Monica Szczupider/National Geographic
At Sanaga-Yong Chimpanzee Rescue Centre, Dorothy passed away amongst her adopted family of chimpanzees. Here, it is evident that they are mourning her.
At Sanaga-Yong Chimpanzee Rescue Centre, Dorothy passed away amongst her adopted family of chimpanzees. Here, it is evident that they are mourning her. Monica Szczupider/National Geographic
This photograph, courtesy of photographer Monica Szczupider and National Geographic, has haunted me for weeks, not only for what it tells us about chimpanzees but also for what it tells us about us.
In the foreground is Dorothy, a chimpanzee in her late 40’s who died of heart failure. Her human caregivers at the Sanaga-Yong Chimpanzee Rescue Center in Cameroon prepared her for burial and wheeled her passed the enclosure housing other chimpazees in the group.
They immediately assembled at the fence, their faces etched with grief as they held one another. They also fell into silence — highly unusual for a group of chimpanzees — as the procession passed and watched as she was lowered into the ground.
Bouboule, an adolescent male whom Dorothy adopted and raised, is shown at the funeral here, where his sorrow is as palpable as the sorrow of the human villagers pictured at the ceremony.
Prior to her rescue, Dorothy had for decades been chained by her neck at an “amusement” park, where visitors were particularly amused by her addiction to cigarettes and threw butts into her cage. Once at the center, and despite a lifetime of abuse, she became a respected and beloved elder. She died in the presence of her best friend Nama, who sat close by, touching her gently and not wanting to leave her side. Jacky, the alpha male of the group, “fell on his back and screamed in distress until he finally accepted the comfort of some of the others.”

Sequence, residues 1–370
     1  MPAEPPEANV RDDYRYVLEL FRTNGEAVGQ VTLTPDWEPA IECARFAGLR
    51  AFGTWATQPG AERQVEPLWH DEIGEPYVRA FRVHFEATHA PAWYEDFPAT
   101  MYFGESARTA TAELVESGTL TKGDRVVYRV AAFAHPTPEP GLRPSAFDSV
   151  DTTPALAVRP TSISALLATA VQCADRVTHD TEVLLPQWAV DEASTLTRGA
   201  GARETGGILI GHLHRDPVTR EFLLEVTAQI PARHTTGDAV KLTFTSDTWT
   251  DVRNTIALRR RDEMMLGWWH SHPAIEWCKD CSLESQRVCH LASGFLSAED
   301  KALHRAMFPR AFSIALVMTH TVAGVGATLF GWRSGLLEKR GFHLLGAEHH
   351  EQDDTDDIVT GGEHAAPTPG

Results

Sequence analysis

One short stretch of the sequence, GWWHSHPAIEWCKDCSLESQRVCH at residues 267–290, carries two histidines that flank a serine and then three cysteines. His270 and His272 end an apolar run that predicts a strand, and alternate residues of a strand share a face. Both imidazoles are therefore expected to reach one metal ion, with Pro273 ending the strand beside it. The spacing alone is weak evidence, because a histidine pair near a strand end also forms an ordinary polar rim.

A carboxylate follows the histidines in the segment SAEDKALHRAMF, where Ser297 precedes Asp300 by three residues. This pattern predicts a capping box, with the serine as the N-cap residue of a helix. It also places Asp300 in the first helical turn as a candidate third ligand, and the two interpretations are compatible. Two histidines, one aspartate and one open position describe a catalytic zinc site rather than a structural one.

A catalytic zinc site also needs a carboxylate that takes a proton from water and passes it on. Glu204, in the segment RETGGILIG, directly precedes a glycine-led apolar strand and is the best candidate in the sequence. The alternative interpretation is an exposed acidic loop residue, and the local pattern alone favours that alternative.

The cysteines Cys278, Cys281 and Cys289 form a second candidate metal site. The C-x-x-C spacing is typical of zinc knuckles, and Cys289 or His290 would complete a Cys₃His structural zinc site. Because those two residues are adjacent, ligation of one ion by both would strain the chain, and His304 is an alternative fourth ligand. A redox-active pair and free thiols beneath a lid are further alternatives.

A front-page story in the New York Times this week summarizes the careful documentation of chimpanzee warfare in Uganda wherein, over a 10-year period, males in a large community carried out “raids” into a contiguous region, killing 18 non-group members and eventually expanding their territory.
Meanwhile, in a wonderful NPR Diane Rehm show a few weeks ago, guests describe the peaceable communal habits of the endangered bonobo apes living in the Congo, whose social structure is markedly different from the chimpanzee even though the two lineages diverged only 800,00 years ago.
So what does all this say about us humans? Researchers are appropriately cautious about drawing conclusions given how little is yet understood. But the more we learn about the non-human great apes, with whom we share most recent common ancestry some five to six million years ago, the more we come to recognize features of our own nature.
Returning to the photograph of the funeral, we witness first-hand the kind of deep love that chimpanzees develop for one another, a wake-up call to those who would posit that humans have somehow been endowed with novel capacities along this axis.
As Frans de Waal lifts up in his splendid book, Our Inner Ape, our language-based brains afford us with distinctive modes of cognition, but our inherent ape-ness is something we are called to both understand and honor, generating the attendant sense that preservation of ape habitats represents something along the lines of a commandment.